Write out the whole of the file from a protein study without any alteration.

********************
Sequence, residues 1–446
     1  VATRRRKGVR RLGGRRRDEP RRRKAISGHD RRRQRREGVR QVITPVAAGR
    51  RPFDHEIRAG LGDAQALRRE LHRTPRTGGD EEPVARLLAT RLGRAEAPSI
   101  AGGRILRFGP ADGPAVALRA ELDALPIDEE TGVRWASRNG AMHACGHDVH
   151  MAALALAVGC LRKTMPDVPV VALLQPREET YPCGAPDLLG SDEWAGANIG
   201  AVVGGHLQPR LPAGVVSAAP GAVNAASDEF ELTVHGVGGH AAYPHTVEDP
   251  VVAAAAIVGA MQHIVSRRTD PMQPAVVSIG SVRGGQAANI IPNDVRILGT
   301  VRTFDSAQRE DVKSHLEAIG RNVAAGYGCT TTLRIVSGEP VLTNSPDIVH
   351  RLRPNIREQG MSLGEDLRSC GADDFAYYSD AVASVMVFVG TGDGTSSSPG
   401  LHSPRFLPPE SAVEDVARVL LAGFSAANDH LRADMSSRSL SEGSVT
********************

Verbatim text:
Sequence, residues 1–446
     1  VATRRRKGVR RLGGRRRDEP RRRKAISGHD RRRQRREGVR QVITPVAAGR
    51  RPFDHEIRAG LGDAQALRRE LHRTPRTGGD EEPVARLLAT RLGRAEAPSI
   101  AGGRILRFGP ADGPAVALRA ELDALPIDEE TGVRWASRNG AMHACGHDVH
   151  MAALALAVGC LRKTMPDVPV VALLQPREET YPCGAPDLLG SDEWAGANIG
   201  AVVGGHLQPR LPAGVVSAAP GAVNAASDEF ELTVHGVGGH AAYPHTVEDP
   251  VVAAAAIVGA MQHIVSRRTD PMQPAVVSIG SVRGGQAANI IPNDVRILGT
   301  VRTFDSAQRE DVKSHLEAIG RNVAAGYGCT TTLRIVSGEP VLTNSPDIVH
   351  RLRPNIREQG MSLGEDLRSC GADDFAYYSD AVASVMVFVG TGDGTSSSPG
   401  LHSPRFLPPE SAVEDVARVL LAGFSAANDH LRADMSSRSL SEGSVT